- Vision impairment
- Personality changes
- Memory loss
- Mobility problems and loss of balance
Sunflower cataract and Kayser-Fleischer rings
The doctor also checks for sunflower cataracts and Kayser-Fleischer rings in the eyes.
Sunflower cataracts tend to show up in 1 out of 5 people with Wilson disease. This is a distinctive multicoloured centre with spokes that radiate outward.
Kayser-Fleischer rings are abnormal golden-brown discolourations in the eyes that are caused by deposits of excess copper. K-F rings show up in about 97 percent of people with Wilson disease.
- Low blood pressure
- Lack of bone density
- Weakness of the heart(cardiomyopathy)
- Infertility as a result of thyroid impairment
- Menstrual irregularities
When it occurs in the kidney, Wilson’s disease can cause fatigue, muscle weakness, confusion, kidney stones, and blood in urine due to excess acids in the blood.
The disease can also cause the excessive deposit of calcium in the kidneys and the weakening of bones due to the redistribution and loss of calcium.
Causes of Wilson Disease
Wilson disease, as said earlier, is an inherited genetic disorder which means both parents must be carriers of the genetic mutation.
The carriers of the disease may have abnormal copper metabolism but it does not really warrant medical intervention.
A mutation in the ATP7B gene which codes for copper transportation causes Wilson’s disease. The mutation of the gene prevents this process which also interferes with the excretion of copper from the body.
The gene can skip a generation, so you may want to look further than your parents or take a genetic test to ascertain if you have the disease.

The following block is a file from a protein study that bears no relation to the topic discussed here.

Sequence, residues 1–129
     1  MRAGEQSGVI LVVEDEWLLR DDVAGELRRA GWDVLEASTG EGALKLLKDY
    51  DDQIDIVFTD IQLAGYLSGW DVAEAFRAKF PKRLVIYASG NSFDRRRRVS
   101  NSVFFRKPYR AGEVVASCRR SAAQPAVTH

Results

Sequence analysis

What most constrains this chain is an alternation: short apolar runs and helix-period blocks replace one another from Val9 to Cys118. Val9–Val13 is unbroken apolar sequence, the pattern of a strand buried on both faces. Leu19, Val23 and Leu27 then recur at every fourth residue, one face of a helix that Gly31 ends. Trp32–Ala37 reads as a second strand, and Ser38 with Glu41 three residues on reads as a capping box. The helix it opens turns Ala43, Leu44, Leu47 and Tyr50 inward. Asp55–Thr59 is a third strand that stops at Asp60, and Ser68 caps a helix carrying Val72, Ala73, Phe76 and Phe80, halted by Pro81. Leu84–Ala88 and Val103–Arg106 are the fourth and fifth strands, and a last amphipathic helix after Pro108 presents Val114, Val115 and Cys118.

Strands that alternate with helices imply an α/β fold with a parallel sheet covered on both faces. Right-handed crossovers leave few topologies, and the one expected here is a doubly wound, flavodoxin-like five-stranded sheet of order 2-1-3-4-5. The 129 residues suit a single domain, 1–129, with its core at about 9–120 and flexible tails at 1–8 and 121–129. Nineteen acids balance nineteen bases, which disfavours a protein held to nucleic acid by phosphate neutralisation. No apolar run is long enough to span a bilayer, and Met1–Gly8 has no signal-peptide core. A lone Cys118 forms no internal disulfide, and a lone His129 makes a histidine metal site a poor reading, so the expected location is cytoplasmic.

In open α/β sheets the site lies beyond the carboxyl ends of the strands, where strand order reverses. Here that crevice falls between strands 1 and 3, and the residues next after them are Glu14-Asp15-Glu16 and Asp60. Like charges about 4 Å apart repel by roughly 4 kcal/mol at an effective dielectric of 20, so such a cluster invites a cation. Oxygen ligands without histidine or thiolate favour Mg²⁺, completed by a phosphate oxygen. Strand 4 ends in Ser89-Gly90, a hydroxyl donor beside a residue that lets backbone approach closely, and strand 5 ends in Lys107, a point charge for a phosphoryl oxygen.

Wilson disease is passed down from parents to their children. If parents have one child with the disease, they could practically have other children with the disease.
This disease cannot be prevented but you can slow down the onset of the condition.
If you find out that you have Wilson’s disease early enough, you may be able to prevent symptoms from surfacing by taking medications such as Zinc.
Also, parents can determine the potential risk of passing the disease to their children by consulting a genetic specialist.
People with the disease are often treated in three stages. The treatments are for a lifetime because once you stop them copper can build up again.
The first treatment is the use of copper-chelating drugs like syprine and penicillamine to remove excess copper from the body.
Penicillamine is usually the first choice for the drug. It works by binding with copper allowing the metal to be more readily excreted in the urine.
The potential side effect of penicillamine includes rash, fever, bone marrow issues, joint pain and muscle weakness.
The main aim of the second stage is to maintain a normal level of copper after removal.
Once the copper level is normalized, zinc may be prescribed as a form of maintenance therapy.
Zinc is taken orally as salt keeps the body from absorbing copper from foods. The common side effect is stomach ache.
Children with Wilson disease but no symptoms may want to take zinc to prevent the disease from worsening.
After the symptoms may have improved and your copper levels are normal, you’ll want to focus on long-term maintenance therapy.
This includes continuing zinc or chelating therapy and regularly monitoring your copper levels.
Dietary changes will also ensure that you avoid consuming unneeded copper. Foods to be avoided include mushrooms, liver, dried fruits, peanut butter, shellfish, multivitamin and nuts.
Medications take up to five to six months in an individual who has the symptoms. An individual who fails to respond to these treatments might require a liver transplant.